The Steelhead ID Crisis

The Steelhead ID Crisis

What in Salmon Hill is a steelhead? I get that steelhead is a fish, but exactly what kind of fish is it? It looks like a trout, yes; but like a salmon too. It acts like a salmon unless its acting like a trout. Scientists proclaim it’s a trout but then ardently insist it is more closely related to a pacific salmon. A trout-lmon, a salmon-out, whatever! It’s clearly an identity crisis.

There is a reason that trout and salmon are so much alike. What a surprise, they are related. You know the drill, mothers’ nose, fathers’ tail and from there they make their own choices. The main thing is, they are all Salmonoids.

One branch of the family lives in rivers and stays in rivers all their lives, (the homebody). We call that fish a trout. Another goes off to live in the bigtime ocean (the explorer) and it doesn’t come back until the end of its life. We call that fish a salmon. The stainless colored STEELHEAD is born in the river as a trout and then goes to the ocean to live. It returns home to visit the river, sometimes even multiple years (what a good fishy). When it returns, it spawns. I think the steelhead was raised right. Brave-hearted enough to get out and explore the world, but thoughtful enough to come home often and bring the kids. How pleased its family must be.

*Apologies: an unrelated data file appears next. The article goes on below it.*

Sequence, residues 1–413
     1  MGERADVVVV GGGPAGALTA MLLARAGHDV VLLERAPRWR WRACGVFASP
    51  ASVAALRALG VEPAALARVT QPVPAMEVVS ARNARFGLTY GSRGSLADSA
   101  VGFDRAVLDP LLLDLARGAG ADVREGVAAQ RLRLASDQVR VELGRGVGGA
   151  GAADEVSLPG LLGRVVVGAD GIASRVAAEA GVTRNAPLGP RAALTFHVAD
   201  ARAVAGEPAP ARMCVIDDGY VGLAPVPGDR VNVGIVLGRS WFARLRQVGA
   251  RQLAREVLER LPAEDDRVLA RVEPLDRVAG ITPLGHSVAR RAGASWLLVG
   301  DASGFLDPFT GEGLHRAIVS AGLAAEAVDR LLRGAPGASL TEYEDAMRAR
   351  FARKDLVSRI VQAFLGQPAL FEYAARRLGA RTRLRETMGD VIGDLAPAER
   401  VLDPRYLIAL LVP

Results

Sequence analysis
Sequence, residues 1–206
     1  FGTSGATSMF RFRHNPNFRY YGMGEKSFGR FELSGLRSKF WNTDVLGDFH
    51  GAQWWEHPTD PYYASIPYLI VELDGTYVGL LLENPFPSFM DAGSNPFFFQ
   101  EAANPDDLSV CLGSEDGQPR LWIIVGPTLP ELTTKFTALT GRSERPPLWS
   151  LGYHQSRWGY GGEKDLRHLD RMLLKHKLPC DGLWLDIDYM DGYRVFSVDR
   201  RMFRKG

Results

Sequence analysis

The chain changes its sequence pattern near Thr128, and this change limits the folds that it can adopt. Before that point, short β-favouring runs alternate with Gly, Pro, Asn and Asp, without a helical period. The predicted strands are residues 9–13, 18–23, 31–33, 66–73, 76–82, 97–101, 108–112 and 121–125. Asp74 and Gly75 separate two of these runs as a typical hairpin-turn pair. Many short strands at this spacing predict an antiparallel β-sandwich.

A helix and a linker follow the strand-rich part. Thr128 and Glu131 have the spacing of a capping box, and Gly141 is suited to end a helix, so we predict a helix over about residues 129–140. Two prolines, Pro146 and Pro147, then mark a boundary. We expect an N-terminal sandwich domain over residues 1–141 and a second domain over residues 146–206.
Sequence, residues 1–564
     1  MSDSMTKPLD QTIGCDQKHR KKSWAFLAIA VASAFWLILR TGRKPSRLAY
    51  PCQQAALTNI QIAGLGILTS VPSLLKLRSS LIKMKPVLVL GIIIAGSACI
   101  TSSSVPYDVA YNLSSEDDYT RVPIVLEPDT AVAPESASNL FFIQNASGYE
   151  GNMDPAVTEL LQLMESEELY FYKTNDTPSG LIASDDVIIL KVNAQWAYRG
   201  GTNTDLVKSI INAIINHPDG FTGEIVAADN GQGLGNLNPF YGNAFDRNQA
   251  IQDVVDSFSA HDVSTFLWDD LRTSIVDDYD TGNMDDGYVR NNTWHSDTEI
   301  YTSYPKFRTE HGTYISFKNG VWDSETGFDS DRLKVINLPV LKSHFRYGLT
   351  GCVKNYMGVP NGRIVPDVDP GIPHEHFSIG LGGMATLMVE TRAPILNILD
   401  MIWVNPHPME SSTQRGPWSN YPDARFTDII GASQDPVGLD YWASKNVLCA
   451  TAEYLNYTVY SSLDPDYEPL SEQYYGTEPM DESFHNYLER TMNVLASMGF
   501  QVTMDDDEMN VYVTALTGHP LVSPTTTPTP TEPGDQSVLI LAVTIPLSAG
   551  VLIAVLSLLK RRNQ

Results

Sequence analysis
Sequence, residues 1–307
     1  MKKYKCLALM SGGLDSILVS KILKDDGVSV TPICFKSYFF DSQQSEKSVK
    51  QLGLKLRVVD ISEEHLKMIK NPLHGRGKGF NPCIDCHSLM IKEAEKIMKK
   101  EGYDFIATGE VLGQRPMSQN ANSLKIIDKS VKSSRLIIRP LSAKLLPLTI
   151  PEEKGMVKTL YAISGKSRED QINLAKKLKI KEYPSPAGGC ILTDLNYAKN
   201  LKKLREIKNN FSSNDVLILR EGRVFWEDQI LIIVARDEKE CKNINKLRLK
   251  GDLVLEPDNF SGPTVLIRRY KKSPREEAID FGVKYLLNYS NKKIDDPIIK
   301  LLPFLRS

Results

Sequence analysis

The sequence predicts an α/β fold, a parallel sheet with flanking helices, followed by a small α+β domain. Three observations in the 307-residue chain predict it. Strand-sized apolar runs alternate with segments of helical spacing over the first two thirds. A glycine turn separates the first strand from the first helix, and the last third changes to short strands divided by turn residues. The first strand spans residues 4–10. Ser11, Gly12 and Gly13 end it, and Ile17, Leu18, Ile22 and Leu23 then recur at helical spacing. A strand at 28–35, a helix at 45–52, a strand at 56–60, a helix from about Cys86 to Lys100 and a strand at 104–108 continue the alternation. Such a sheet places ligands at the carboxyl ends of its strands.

Steelhead can be found anywhere between California and Alaska, but mostly between Oregon and British Columbia. They are sized more like a salmon, the largest on record is 55 pounds, but the average range is between 8 and 11 pounds.

Steelhead are “anadromous”, which means they are both fresh water and salt water fish. They are also “prolific spawners”. Multiple years they can return from the ocean to their home river and spawn. (Clearly this is the athletic arm of the family). To truly ice the competition, they even spawn at two different times of year, either summer or winter. That’s why we can get fresh wild steelhead in the winter when you can’t get fresh salmon. Okay that explains a lot.  No wonder you can find steelhead on the menu at Salty’s in the winter, it’s the closest thing to fresh salmon!

The flavor and texture of steelhead and salmon are deliciously similar. Steelhead, like salmon, is a saltwater fish and therefore develops a much cleaner salmon taste. It also becomes a fattier fish and therefore has larger amounts of the anti-inflammatory antioxidant, omega-three. The calories per ounce between the two are about the same as well.

So, let’s summarize here just to be clear. A salmon is a salmon, but it is never a steelhead. A steelhead is a trout unless it migrates to the saltwater, at which time it becomes a steelhead. When it becomes a steelhead, it is more like a salmon than a trout. There, you see it’s simple. I knew we could figure this out!?!

Now for further clarity, I highly recommend Chef Jeremy’s blog on steelhead trout. Oops, I meant steelhead salmon. Or did I?